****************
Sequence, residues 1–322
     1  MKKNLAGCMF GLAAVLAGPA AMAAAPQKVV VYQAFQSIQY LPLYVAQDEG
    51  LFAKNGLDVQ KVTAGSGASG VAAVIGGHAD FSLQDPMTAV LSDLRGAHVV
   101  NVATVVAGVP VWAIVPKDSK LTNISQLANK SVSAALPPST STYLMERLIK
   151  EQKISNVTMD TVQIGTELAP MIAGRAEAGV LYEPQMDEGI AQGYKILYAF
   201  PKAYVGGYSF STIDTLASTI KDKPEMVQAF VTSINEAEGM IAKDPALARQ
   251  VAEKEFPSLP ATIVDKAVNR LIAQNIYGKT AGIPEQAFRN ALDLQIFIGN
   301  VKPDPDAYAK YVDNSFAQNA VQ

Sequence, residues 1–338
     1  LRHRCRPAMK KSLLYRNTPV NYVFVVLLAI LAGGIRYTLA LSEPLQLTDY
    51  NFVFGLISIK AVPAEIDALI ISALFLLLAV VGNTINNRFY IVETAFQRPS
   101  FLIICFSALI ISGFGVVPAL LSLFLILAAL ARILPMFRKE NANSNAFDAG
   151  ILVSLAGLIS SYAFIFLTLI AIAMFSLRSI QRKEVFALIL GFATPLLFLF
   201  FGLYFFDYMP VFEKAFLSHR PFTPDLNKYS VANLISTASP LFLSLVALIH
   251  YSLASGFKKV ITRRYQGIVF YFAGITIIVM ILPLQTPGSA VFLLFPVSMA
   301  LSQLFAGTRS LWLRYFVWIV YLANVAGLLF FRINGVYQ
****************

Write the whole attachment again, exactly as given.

Sequence, residues 1–322
     1  MKKNLAGCMF GLAAVLAGPA AMAAAPQKVV VYQAFQSIQY LPLYVAQDEG
    51  LFAKNGLDVQ KVTAGSGASG VAAVIGGHAD FSLQDPMTAV LSDLRGAHVV
   101  NVATVVAGVP VWAIVPKDSK LTNISQLANK SVSAALPPST STYLMERLIK
   151  EQKISNVTMD TVQIGTELAP MIAGRAEAGV LYEPQMDEGI AQGYKILYAF
   201  PKAYVGGYSF STIDTLASTI KDKPEMVQAF VTSINEAEGM IAKDPALARQ
   251  VAEKEFPSLP ATIVDKAVNR LIAQNIYGKT AGIPEQAFRN ALDLQIFIGN
   301  VKPDPDAYAK YVDNSFAQNA VQ

Sequence, residues 1–338
     1  LRHRCRPAMK KSLLYRNTPV NYVFVVLLAI LAGGIRYTLA LSEPLQLTDY
    51  NFVFGLISIK AVPAEIDALI ISALFLLLAV VGNTINNRFY IVETAFQRPS
   101  FLIICFSALI ISGFGVVPAL LSLFLILAAL ARILPMFRKE NANSNAFDAG
   151  ILVSLAGLIS SYAFIFLTLI AIAMFSLRSI QRKEVFALIL GFATPLLFLF
   201  FGLYFFDYMP VFEKAFLSHR PFTPDLNKYS VANLISTASP LFLSLVALIH
   251  YSLASGFKKV ITRRYQGIVF YFAGITIIVM ILPLQTPGSA VFLLFPVSMA
   301  LSQLFAGTRS LWLRYFVWIV YLANVAGLLF FRINGVYQ